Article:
The 2008 banking crisis forced a major rethink about how the UK financial system worked and what might be done to improve and stabilise it for the future.
The banking paralysis that followed the crash produced a number of new ideas such as crowd funding. Another was were drawn from the past.
In Germany the Sparkessen system of small local banks, offering personal and business services is a tried and tested business model. Many customers feel this is the way forward for UK local banking especially as the main High Street Banks are retreating from their traditional town and city sites because of the high overhead cost of maintaining their networks. Over 470 branches have closed in the last twelve months. This trend is likely to continue as customers use internet banking for both personal and small business use.
The impact on SMEs is particularly challenging, at time when they are most needed to make the UK economy work and oil the wheels of recovery.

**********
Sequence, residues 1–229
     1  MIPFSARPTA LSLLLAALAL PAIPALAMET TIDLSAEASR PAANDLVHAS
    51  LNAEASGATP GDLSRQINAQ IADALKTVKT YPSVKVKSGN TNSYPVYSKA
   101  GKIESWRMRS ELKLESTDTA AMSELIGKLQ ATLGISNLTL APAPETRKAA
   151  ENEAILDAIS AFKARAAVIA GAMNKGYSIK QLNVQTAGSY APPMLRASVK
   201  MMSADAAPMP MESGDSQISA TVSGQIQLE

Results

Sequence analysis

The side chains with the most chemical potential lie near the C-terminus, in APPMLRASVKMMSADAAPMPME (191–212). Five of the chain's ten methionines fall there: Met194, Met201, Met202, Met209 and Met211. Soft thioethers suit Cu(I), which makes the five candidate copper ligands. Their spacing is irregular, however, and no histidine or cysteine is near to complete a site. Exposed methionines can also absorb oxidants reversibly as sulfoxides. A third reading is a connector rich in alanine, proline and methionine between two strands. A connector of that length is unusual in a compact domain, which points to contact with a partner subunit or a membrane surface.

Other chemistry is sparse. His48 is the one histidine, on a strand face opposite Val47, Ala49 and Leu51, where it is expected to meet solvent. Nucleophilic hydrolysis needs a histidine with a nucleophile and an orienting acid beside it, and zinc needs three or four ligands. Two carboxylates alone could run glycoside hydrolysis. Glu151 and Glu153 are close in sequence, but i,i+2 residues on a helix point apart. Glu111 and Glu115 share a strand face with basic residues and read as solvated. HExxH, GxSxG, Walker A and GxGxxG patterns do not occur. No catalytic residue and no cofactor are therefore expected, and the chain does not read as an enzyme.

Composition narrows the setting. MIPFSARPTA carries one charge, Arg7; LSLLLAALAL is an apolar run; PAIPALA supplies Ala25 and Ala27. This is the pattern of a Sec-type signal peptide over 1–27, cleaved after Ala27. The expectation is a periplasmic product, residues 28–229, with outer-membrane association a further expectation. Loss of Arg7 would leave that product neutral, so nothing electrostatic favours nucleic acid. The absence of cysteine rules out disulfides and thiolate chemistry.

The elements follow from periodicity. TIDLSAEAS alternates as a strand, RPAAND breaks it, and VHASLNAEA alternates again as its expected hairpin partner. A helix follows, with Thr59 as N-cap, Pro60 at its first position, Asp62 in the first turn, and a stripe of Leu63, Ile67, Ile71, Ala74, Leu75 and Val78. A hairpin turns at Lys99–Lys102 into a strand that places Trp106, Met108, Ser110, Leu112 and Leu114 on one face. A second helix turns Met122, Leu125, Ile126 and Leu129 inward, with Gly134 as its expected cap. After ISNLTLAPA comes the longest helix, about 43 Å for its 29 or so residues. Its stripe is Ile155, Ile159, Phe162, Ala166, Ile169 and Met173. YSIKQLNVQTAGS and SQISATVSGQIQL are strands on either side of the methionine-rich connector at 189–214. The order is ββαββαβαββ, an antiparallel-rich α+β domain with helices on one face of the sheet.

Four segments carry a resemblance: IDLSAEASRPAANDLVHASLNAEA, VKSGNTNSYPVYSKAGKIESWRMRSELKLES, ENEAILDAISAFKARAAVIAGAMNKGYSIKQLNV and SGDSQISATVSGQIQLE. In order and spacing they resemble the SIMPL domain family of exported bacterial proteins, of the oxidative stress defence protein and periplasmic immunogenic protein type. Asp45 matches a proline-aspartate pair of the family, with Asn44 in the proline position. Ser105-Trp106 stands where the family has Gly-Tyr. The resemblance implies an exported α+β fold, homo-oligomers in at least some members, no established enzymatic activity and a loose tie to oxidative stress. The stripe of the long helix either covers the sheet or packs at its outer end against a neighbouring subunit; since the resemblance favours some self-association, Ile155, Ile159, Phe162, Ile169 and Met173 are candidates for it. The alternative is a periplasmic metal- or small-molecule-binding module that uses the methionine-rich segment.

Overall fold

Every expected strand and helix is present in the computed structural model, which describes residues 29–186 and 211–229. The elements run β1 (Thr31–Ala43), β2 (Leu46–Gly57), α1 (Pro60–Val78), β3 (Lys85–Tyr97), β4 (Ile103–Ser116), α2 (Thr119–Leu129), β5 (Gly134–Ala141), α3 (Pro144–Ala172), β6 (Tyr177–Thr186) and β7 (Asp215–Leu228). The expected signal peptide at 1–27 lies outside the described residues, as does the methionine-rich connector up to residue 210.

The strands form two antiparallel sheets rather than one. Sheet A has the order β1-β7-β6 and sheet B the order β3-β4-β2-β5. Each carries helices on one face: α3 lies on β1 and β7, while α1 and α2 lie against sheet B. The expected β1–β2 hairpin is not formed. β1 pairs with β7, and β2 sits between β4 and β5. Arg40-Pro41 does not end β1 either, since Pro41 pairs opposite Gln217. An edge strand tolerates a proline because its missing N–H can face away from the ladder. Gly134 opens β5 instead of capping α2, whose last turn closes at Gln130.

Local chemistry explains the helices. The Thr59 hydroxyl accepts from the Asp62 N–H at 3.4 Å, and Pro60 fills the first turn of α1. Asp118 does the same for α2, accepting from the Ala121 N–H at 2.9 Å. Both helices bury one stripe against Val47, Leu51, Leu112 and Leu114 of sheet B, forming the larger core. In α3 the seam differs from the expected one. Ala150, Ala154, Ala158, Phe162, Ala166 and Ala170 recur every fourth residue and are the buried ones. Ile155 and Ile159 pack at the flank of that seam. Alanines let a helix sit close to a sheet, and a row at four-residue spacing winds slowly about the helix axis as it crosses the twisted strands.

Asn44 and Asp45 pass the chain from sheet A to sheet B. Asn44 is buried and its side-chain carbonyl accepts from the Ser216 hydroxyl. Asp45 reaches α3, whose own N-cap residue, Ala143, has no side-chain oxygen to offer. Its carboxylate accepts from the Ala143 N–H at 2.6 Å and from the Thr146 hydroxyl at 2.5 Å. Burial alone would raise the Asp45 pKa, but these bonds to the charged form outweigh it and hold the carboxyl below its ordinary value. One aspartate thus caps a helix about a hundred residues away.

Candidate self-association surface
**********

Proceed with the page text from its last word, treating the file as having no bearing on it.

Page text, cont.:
The Government is keen to see the excesses of 2008 should not be repeated and has regulated heavily against the banking industry generally whilst trying to engender a new breed of banks – a somewhat perverse situation.
In Dorset Bournemouth Borough Council is setting up a bank to service local SME and mortgage demand. Another group based in Wimborne investigated the possibility of a local bank, but drew the conclusion that the compliance work involved was both expensive and time consuming for what market research showed was only modest demand.
In Hampshire, Local First a bank based on the Sparkessen principle, has spent a year working through the Government’s tough compliance regime. It’s hoped that with another twelve months it will be operating with the help of a £5M funding commitment from Portsmouth City Council.
To be viable local banks like Local First need capital of £15M and £300M in lending to be viable – another challenge.
Currently First Local seems to be the one watch. It’s been agreed that Wessex Entrepreneurs will be kept update of developments to see, if at some future time, its proven business model can be transplanted to Dorset.
Proper banking might be making a comeback.